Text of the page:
Excuse the cryptic title, please – all will become clear in good time. How are you all? Did you have a wonderful Christmas? Eat too much? Drink too much? I do hope so! I’m taking this opportunity, this ‘lull’ before the new year, to write about all of the things that have been happening recently – to tie up loose ends and make sure that everything is up to date.
You may remember that I jetted off to New York, at very short notice, to do a hair campaign for KMS California. So far, I have written virtually nothing about my trip, and I did have so many things to tell you! So I’m going to fill you in on the details over the next week – a brief respite from product recommendations and makeup videos – although I did film a few things in my hotel room that I’ll post up too. So actually, absolutely no respite from product recommendations and makeup videos! What a liar I am!
I went to New York to shoot KMS and I knew beforehand that they were going to cut my hair. Now many of you will think that is unbelievably exciting, but let me tell you something; knowing that you are to have your hair cut, ‘under contract’ is one of the most gut-wrenching modelling moments that can take place. Once you have signed away the rights to your hair (the cut agreed will depend on what you’re happy with, and how many zeros there are on the end of the fee) your hair is no longer your hair.
All big hair commercials and shoots require the model, and her/his agent to sign quite a detailed contract outlining the cut; how many centimetres will be cut from the length, whether there will be any internal layers (short bits) and whether or not there will be any ‘shaping’ around the front. These terms are hardly ever adhered to, however, because hairdressers by their very nature are snippity little scissor-happy gits, and they love to just slice away a bit here, and razor a bit there. Nevertheless, once you sign away your hair, you have to just sit there and take it – even if the client is absolutely on the button and correct with the cut down to the very last letter of the contract, it’s still a shock to see your hair change and have no say in what is happening!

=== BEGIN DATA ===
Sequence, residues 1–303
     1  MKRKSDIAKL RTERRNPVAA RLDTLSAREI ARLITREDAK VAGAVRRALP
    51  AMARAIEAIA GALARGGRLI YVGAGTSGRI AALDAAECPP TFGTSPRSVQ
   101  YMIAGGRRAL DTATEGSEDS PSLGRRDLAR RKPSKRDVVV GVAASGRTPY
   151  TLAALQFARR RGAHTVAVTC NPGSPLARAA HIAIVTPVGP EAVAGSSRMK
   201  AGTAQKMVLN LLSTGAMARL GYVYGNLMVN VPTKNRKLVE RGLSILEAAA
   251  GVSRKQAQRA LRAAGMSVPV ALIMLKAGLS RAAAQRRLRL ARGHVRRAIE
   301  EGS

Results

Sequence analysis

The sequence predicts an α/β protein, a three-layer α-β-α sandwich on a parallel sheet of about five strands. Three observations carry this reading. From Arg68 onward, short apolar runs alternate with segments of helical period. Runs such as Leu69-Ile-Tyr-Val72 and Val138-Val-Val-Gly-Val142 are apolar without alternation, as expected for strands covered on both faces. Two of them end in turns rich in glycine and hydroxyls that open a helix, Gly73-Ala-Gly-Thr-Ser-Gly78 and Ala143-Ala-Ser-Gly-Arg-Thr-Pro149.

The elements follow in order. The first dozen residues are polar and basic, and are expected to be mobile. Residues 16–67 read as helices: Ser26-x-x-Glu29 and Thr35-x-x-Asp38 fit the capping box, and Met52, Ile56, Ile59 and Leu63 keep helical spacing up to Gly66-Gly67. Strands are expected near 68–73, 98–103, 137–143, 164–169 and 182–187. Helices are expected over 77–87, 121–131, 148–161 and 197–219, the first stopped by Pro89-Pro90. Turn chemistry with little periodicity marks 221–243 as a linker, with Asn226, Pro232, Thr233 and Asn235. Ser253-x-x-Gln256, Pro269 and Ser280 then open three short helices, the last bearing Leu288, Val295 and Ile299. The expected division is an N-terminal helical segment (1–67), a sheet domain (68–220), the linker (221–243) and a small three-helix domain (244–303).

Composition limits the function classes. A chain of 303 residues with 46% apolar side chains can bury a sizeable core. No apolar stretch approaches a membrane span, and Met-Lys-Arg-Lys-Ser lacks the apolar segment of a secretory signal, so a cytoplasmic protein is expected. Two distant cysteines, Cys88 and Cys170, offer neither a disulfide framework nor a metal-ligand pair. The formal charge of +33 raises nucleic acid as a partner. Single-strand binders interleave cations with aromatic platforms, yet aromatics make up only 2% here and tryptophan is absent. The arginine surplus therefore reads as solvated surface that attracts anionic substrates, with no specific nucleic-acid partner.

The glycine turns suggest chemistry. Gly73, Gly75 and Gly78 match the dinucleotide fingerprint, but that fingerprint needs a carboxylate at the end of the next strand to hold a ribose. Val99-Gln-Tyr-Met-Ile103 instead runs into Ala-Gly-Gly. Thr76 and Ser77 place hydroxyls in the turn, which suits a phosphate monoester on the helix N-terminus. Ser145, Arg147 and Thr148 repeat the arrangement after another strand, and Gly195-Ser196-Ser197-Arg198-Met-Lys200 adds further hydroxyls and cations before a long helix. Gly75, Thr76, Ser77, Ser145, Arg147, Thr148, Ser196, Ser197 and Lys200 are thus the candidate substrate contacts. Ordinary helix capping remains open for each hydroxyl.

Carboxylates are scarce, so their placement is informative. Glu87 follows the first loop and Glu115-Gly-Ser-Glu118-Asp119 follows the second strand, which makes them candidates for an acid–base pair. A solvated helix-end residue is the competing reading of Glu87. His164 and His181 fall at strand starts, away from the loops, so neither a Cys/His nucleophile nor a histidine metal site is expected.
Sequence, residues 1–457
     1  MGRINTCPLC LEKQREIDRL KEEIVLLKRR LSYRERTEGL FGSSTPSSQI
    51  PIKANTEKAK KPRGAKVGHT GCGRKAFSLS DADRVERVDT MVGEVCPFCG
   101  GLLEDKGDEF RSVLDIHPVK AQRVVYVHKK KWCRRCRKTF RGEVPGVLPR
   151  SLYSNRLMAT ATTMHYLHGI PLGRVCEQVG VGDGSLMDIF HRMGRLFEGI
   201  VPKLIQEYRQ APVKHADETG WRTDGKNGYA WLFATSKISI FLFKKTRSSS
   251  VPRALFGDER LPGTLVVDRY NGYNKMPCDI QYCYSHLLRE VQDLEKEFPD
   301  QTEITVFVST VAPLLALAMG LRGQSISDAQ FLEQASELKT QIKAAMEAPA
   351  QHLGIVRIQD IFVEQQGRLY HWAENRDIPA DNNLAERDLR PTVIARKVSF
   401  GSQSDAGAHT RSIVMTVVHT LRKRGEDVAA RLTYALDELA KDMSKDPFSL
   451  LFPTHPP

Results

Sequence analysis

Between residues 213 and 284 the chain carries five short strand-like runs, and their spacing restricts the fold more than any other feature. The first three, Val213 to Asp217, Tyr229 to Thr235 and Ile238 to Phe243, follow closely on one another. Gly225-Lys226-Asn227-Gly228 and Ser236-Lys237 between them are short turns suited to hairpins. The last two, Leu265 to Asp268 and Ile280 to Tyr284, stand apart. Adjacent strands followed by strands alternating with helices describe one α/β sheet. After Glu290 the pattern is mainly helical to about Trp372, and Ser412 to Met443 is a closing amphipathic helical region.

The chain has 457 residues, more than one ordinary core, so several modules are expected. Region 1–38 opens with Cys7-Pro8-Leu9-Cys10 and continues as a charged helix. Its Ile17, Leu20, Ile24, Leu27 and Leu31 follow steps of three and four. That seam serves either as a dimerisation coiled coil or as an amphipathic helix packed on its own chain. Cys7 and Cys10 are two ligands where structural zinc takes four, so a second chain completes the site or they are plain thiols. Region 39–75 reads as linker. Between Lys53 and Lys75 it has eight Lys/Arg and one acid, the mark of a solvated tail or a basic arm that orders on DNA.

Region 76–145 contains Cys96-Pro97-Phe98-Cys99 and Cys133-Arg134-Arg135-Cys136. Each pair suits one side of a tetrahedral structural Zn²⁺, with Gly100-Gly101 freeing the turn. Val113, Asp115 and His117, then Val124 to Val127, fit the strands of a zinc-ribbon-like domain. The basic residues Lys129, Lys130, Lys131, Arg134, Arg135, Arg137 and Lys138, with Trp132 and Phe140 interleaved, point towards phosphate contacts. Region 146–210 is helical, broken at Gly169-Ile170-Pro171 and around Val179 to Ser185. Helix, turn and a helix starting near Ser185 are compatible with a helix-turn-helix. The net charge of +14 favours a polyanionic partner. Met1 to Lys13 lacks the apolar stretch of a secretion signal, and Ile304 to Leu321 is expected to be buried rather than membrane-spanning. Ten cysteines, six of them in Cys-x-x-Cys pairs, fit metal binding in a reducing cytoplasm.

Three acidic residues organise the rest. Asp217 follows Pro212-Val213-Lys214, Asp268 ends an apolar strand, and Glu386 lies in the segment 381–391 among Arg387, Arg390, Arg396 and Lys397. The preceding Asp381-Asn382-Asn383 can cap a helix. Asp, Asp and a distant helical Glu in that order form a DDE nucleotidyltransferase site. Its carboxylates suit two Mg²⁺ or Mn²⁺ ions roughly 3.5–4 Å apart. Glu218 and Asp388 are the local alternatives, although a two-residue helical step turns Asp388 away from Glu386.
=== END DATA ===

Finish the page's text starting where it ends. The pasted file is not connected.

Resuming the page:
In this case, I was having my ‘highlights’ retouched too – note the colour change from the ‘before’ picture below:
I know, I know – loads of you will say that the new colour is better, blah blah. My point is; highlights retouched? Me thinks ‘non’ on that one. Total bleach dye-job? Oui. There is no way that the new colour is a root touch-up – it’s a new colour. I’m not moaning, I’m just trying, I suppose, to paint a little picture of what happens when you agree to ‘hair-prep’ (the day that a client always works in to a big job so that they get your hair looking as they want it to). Now, let’s look at this properly: the client has a product to sell, and he, or she, casts models who they think will sell that product. The hair (for that is what they are selling, essentially – amazing looking hair) must look great, and exactly to a brief that a ‘creative’ (yes, ironic quotation marks) has drawn up. Fair play to them – they pay out money from a budget, and on the grand scheme of things. what kind of trauma is a new haircut? People would pay upwards of ¬£500 to get a colour and cut done by some of the people that I work with, yet I sit there trembling and anxious!
Anyway – a rare little insight into my inner thoughts there, I hope that you don’t think I’m fickle – I’m sure that most people have had that sinking feeling at the hairdressers when they think “ohhhhhhh. What the f**k are they doing now?” but are too scared to say anything. Well in my case, I can’t say anything. I’m being paid to do it. It doesn’t make it any less scary – I’m pretty sure it makes it worse, because you can’t shout “stop” like a madwoman, or rip off the gown and leg it down the street. You’re there, babycakes, and you’re there until the bitter end.
Final thought: I like my hair now. I was totally depressed for the first few days, because I had a fringe and I have never had a fringe, and my new dye-job looked slightly orange under artificial light – but I have realised that hair does grow back. It’s a pain in the arse if you hate it, and it really knocks your confidence, I think, but it’s not like a botched nose-job or a chemical peel-gone-wrong – it’s fixable. So I’m all good. In fact, I kind of wish that I’d had a fringe before – I’ve had loads of compliments about my hair, and nobody has ever really commented on it before, it’s just been there. Hanging.
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